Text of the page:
As far as the base-building goes it’s an interesting system that I find to be one of the more believable approaches to something so iconic in the survival genre. Here as well there are nuances that take something simple like a log and utilizing it in multiple ways in construction. Logs can be cut in half to form short logs or split down the middle to create planks. It takes something simple and uses it to do something more complex, which adds a nice layer of depth to the system. There also seems to be a good amount of freedom with the building, giving players the ability to manipulate most things in a way that works for them, which is a nice departure from some of the rigidity that accompanies a lot of these survival base-building systems.

Once we understood the concept of the base-building we also found that enjoyable. There are pre-fabs which you can select from your field guide and place into the world. However, they’re not complete until you supply the blueprint with the necessary resources.

If you flip modes that same field guide will teach you how to create things outside of pre-fabs, which is interesting, albeit frustrating at first. One of my biggest complaints about ‘Sons of the Forest’ is how murky all of the directions are, and I get it, that’s kind of the point, while a real-world survival guide would come with explicit instructions how to do something, the devs had to remove some of those elements to provide puzzle-like problems for you as a player to solve. For an early access game, the ingredients are all there, and once you figure out how to translate the guide it comes together rather quickly. 

At some point we did hit a wall in our building. After about 10 hours it felt like we had kind of created what we wanted to create to survive, and the depth of prefabs and gameplay affecting things you can implement as part of the base building system we had tapped out. To be fair there was more we could create, but the threat of attack didn’t merit sinking countless resources into a bigger and more elaborate base. Again, early access so we give the team a little flexibility, but this is a system that will need to be expanded in the future.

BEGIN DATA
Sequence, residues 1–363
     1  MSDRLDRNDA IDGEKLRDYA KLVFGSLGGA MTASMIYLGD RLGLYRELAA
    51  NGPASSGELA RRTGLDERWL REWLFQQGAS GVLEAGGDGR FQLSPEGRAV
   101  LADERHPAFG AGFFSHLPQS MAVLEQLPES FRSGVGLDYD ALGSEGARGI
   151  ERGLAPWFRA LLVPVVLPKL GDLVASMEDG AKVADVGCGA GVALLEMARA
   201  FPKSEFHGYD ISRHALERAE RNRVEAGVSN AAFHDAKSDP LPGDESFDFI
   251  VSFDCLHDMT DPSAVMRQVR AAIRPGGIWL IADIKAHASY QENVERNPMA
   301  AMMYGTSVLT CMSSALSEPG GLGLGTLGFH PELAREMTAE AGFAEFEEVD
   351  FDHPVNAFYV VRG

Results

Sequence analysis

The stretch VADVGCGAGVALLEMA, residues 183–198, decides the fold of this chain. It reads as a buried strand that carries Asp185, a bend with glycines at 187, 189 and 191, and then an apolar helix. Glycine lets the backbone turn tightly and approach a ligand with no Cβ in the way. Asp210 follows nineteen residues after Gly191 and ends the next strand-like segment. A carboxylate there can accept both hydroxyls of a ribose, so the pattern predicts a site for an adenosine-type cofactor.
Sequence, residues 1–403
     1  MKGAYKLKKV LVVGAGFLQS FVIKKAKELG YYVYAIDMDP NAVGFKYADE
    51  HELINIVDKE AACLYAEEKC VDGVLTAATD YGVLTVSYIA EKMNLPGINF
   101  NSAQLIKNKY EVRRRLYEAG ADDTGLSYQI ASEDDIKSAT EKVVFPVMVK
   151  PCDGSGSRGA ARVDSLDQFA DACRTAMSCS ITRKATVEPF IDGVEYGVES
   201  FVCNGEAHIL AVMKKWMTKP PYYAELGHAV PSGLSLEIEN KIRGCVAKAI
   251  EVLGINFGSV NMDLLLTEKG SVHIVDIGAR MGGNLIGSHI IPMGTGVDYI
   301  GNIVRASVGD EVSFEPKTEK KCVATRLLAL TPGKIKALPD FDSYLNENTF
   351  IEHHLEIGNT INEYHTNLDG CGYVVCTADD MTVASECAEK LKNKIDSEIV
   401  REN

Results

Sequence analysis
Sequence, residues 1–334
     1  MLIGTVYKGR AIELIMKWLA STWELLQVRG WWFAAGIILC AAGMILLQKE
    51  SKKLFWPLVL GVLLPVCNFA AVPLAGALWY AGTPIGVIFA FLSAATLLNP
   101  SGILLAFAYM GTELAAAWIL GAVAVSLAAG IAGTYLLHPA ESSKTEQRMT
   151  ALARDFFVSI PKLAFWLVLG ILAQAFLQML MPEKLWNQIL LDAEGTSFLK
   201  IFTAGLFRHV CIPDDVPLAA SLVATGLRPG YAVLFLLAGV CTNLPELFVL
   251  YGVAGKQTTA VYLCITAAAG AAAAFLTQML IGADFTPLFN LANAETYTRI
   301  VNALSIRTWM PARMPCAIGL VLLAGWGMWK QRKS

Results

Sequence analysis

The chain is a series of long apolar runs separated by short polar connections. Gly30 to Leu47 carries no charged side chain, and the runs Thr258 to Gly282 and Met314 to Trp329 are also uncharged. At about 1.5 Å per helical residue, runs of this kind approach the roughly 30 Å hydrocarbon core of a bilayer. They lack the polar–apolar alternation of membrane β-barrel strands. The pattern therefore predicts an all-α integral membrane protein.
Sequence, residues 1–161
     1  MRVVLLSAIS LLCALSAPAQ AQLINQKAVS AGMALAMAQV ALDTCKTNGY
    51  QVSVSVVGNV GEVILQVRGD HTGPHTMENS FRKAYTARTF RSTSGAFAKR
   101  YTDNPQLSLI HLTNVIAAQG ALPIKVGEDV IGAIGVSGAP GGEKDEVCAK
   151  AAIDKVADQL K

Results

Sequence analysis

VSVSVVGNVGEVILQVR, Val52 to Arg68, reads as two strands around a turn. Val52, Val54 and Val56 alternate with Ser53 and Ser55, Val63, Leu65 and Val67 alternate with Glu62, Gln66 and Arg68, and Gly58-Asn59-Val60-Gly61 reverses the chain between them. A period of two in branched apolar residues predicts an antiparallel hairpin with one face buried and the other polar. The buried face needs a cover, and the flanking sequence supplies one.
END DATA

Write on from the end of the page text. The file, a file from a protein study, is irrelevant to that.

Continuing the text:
With livid holding down the base it was time to explore, but which direction to go? Unfortunately, we have no idea since the modern-day GPS map device doesn’t have cardinal directions. What it does have, however, are various points of interest. At first there was no rhyme or reason behind our discovery, we just followed our nose to whatever “thing” interested us. Luckily, we built our base close to one of the purple markers. Sadly, that marker was in the middle of the ocean. After a brief encounter with a very angry shark, we figured out that these trackers are tied to other victims of the crash. That purple indicator is a GPS tracker that you can use as a sort of marker in the world, flipping it to whatever indicator you want to remember something by. The weird thing is there’s virtually nothing that would make me want to use these in their current state.